Content moderation is a profoundly human decision-making process about what constitutes appropriate speech in the public domain. - Kate Crawford
The management of harassment—through content reporting, or flagging tools and punitive consequences—varies significantly from one platform to another. The architecture of a given platform has a lot to do with the variances; a social media platform like Twitter where most content is text-based has different needs than a multimedia platform like Facebook.
Content moderation works similarly across platforms. When a user sees a piece of content they do not like, they can flag the content for review, triggering a series of questions. For example, when a user flags written content on Facebook, they are prompted to "help us understand what's happening" by answering the question "what's going on?" and selecting from a list of options that includes "I think it shouldn'''t be on Facebook." Selecting that option results in another prompt— "What's wrong with this?"—followed by various options including "It's rude, vulgar, or uses bad language" and "It's harassment or hate speech." Each option prompts a different result; reporting content as "rude" leads to a page describing options for blocking the user, while reporting it as harassment or hate speech results in the content being reported for review.
Friction is built into flagging mechanisms to help avoid malicious or unwarranted reports, but this can also be frustrating for users who are experiencing harassment. Furthermore, malicious reporting—reporting content for the purpose of harassing its creator—remains common. In 2014, more than forty Vietnamese journalists and activists found that their Facebook accounts had been deactivated after they were targeted by organised reporting campaigns coordinated by government supporters. Although Facebook denies that mass reporting leads to account deactivation, there are numerous ways that reports can trigger shutdowns—for example, if a user is reported for using a fake name and doesn't feel comfortable submitting their ID upon request from the company.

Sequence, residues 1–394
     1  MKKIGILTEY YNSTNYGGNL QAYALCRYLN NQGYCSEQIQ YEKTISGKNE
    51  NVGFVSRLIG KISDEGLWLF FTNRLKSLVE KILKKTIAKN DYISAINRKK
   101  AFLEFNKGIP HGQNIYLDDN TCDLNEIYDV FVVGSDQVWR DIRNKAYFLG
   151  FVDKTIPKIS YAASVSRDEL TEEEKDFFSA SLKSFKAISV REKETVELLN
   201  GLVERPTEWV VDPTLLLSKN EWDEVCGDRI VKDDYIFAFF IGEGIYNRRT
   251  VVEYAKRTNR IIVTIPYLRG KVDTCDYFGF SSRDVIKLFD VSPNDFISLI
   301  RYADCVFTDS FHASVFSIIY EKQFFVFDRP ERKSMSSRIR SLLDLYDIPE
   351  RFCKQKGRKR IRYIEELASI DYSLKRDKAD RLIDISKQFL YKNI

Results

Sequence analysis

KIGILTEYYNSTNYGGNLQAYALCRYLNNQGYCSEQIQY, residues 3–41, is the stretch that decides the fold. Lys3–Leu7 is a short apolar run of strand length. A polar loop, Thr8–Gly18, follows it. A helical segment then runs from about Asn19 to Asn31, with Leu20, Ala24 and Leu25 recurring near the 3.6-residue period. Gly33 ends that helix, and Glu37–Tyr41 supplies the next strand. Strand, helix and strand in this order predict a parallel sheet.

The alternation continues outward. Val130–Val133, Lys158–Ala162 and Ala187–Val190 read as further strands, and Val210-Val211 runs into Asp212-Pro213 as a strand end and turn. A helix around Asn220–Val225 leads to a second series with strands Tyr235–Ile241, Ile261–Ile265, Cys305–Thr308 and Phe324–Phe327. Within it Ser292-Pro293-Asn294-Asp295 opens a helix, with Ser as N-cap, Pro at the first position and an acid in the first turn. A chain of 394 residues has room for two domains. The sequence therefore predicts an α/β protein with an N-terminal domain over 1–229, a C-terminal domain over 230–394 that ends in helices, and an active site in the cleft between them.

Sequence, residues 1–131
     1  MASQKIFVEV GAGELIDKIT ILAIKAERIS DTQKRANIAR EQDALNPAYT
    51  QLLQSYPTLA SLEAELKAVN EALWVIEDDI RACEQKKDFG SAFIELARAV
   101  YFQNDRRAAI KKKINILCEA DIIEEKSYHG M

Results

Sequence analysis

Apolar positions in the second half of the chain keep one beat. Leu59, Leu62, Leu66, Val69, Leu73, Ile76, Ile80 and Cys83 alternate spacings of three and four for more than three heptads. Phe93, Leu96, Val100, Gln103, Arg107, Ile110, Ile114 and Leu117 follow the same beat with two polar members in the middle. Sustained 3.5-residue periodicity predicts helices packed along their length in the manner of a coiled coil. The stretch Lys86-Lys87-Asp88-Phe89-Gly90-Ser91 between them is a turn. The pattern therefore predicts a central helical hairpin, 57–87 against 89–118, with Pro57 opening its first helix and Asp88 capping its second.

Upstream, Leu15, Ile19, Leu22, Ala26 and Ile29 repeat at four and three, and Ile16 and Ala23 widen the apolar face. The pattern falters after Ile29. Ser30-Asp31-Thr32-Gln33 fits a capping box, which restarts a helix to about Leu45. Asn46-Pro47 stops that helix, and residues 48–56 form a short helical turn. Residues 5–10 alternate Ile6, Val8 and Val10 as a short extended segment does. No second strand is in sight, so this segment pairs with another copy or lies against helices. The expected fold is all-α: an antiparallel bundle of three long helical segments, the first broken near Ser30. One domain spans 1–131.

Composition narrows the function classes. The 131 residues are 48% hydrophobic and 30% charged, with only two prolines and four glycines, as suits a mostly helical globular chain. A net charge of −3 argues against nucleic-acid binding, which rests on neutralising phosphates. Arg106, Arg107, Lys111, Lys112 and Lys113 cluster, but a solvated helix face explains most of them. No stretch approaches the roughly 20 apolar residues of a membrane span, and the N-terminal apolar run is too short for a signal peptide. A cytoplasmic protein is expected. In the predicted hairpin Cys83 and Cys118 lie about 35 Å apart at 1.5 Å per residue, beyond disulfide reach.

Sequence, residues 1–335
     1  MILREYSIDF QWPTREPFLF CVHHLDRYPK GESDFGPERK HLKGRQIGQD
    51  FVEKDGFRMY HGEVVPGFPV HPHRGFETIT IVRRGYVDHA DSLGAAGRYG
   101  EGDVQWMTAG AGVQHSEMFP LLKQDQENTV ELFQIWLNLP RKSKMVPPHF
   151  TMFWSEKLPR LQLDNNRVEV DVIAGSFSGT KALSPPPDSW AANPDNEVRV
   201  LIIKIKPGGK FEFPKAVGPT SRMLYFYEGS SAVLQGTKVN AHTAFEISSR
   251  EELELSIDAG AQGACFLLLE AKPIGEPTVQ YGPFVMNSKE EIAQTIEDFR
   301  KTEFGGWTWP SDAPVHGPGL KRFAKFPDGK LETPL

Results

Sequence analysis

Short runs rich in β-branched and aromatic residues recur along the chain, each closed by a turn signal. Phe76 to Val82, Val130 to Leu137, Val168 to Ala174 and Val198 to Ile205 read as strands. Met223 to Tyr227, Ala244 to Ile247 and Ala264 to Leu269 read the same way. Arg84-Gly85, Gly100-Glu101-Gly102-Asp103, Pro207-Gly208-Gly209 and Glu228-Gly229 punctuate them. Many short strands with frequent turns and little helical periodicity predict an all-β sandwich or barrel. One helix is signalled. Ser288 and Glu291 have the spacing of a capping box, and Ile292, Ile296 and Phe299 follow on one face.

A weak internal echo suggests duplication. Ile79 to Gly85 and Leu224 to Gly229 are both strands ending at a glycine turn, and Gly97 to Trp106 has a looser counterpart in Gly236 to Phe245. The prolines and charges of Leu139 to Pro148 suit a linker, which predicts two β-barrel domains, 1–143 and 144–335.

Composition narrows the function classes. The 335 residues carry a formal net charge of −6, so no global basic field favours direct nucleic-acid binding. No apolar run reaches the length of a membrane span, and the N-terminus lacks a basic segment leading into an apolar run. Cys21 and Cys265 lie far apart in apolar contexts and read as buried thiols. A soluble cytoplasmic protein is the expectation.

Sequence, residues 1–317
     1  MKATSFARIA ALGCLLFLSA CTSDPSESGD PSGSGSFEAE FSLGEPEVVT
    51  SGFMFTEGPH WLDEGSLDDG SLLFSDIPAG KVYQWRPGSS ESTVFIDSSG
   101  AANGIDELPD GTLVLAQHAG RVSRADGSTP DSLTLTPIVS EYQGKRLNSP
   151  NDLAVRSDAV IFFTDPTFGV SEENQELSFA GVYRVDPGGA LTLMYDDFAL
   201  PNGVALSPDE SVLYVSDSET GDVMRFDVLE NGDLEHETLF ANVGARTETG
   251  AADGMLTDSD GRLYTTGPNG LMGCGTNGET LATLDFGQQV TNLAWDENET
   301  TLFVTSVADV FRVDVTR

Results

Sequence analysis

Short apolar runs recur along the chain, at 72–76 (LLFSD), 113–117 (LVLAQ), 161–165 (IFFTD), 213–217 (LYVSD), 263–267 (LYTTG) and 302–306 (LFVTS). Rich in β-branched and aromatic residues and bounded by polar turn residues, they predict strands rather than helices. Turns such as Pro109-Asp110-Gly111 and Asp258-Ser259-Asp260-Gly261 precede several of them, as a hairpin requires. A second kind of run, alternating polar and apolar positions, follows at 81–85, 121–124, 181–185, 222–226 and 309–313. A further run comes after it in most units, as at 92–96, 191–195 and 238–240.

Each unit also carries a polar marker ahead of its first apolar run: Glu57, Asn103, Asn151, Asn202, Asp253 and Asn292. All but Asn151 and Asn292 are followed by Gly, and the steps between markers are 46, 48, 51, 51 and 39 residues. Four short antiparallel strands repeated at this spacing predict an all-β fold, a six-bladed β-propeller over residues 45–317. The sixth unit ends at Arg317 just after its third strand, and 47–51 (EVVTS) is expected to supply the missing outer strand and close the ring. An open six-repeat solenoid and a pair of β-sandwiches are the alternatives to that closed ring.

In 2014, Twitter partnered with Women Action and he Media (WAM!) in an effort to improve their approach to tackle harassment. For about one month, WAM! was given special reporter status by Twitter to receive, analyse, and escalate (as necessary) reports of harassment to Twitter for special attention. WAM! later produced a report based on their experience that included data on the types of reports they received as well as recommendations for Twitter.
WAM! found a number of issues with Twitter's reporting process, of which malicious reporting was one of the identified issues. One major issue that they discovered was the fact that evidence on the platform is often ephemeral; harassers often delete their tweets, making it difficult for the company to act on reports.
"If Twitter, Facebook or Google wanted to stop their users from receiving online harassment, they could do it tomorrow," Jessica Valenti argued in the Guardian in 2014. Valenti refers to YouTube's Content ID program—which scans the platform's videos to identify copyrighted content—as an example of companies' willingness and ability to vigilantly monitor content.
Content ID works well because uploaded videos are scanned and compared against an existing database of files submitted by content owners. A content creator who posts their works on YouTube—and most social media platforms—can flag content as unauthorised to submit it for review. The content is then (in the case of YouTube) scanned against a database, or reviewed by human moderators.
Moderating harassment is not as simple. While images or videos could theoretically be moderated in a similar way to copyrighted content, text presents a particular challenge for companies. Fair content moderation requires a human review process—that is, workers that read flagged messages and determine whether or not they violate a given set of rules. As The Guardian's Facebook Files -a set of internal moderation documents leaked in May 2017- demonstrate, however, commercial content moderators are often underpaid, and moreover, report experiencing psychological issues as a result of their work. These -as well as the overall reduction in cost- are some of the reasons that Silicon Valley companies are currently pushing for increased use of AI in content moderation.